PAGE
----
Right now - do you have hundreds or even thousands of emails in your inbox? I hate feeling like my main communication channel is a godawful mess. The good news: the road to gmail bliss is easy, just follow me…

Here’s the secret sauce: “Archiving a message” makes it sound like Google is transferring it to a cryogenic freezer in the Nevada desert, never to be heard from again. But the truth is much less dramatic. In this case, the word archive means Please Get This Damn Message Out of My Face.

It just moves the message out of your inbox but it’s still visible, via the “All Mail” folder, and it’s still easily findable, via the gmail search bar.

With that in mind, here’s how to go Marie Kondo on your inbox…

The Trick

Skim every incoming message and classify it into one of three categories:

  1. I should reply to this now - reply now and then archive it!
  2. I skimmed it, got what I want, no need to reply - archive it!
  3. I skimmed it, it’s bullshit - delete it!

That’s the main trick - if you follow those three simple rules, you’ll reduce your inbox size to a single digit and you’ll be the envy of your friends. Here are a few more suggestions…

  • Notice all three items entail skimming. Don’t get caught up in the “I can’t archive it until I’ve read every word” trap. That’s the same instinct that leads you to have 17 books on your bedside table. Skim it quickly enough to decide whether you care enough to read the whole thing. If you do, read it. If not, well, you guessed it, archive it!

  • Getting lots of newsletters or other promotional emails? I know you had great intentions when you signed up but let’s face it - you never read many of these. The unsubscribe button is your friend. Just don’t apply this rule to my newsletter, because it’s amazing.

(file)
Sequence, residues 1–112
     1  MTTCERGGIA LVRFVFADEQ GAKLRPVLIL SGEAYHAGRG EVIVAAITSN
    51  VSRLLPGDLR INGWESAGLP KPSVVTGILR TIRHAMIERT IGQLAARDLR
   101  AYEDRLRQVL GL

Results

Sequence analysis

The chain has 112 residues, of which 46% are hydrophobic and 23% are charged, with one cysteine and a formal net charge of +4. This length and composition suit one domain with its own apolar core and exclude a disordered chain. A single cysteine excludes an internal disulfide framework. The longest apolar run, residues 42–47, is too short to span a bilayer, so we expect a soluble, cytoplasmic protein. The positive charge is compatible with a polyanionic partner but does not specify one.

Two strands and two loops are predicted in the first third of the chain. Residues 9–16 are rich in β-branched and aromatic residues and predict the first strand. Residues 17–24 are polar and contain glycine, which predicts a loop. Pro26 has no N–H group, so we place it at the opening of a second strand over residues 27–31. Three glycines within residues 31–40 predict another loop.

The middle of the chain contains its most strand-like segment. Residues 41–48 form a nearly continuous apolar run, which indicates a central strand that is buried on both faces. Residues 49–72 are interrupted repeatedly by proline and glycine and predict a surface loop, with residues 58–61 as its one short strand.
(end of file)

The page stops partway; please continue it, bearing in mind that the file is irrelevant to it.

• Gmail has a pretty good spam filter but once in a while something sneaks through. Whenever that happens, mark it as spam (that’s the stop sign button with the exclamation point, right next to the Archive button). Google will remember and make sure you never have to see anything from that sender again.

  • Of course, there are exceptions, things that don’t fit nearly into those three categories. For example, I need to do work before replying to this important message and I can’t do that work right now. Star it or put it in a “To Do” folder. If you’re diligent enough with this method, you can even leave it in your inbox, but if you go that route, make sure you never exceed 50 mesages in your inbox. The goal is to always be able to see all your messages in one gmail summary page.


I know what you’re thinking: “That’s great Marc, but I’ve got several thousand messages in my inbox. How do I get from here to there”? There are two ways to go:

  • The easy way: archive your entire inbox. Stop complaining about the incredibly important stuff you’ll miss out on - just do it. If it’s that important, you’ll think of it and pull it up in your All Mail folder. Or someone will remind you. The key is to get that stuff out of your face. Gmail makes this easy by giving you the ability to archive everything in one shot.

  • The hard way: go through your mess of an inbox, star everything you want to save, archive everything, and move the starred items back to your inbox. I don’t recommend this approach because it’s too expensive for the value you get but it’s available for those who can’t handle bulk archiving.

That’s it, if you follow these rules every day, you’ll have a beautifully tidy inbox. How do I know? I’ve had <50 messages in both my home and work inbox for over three years now.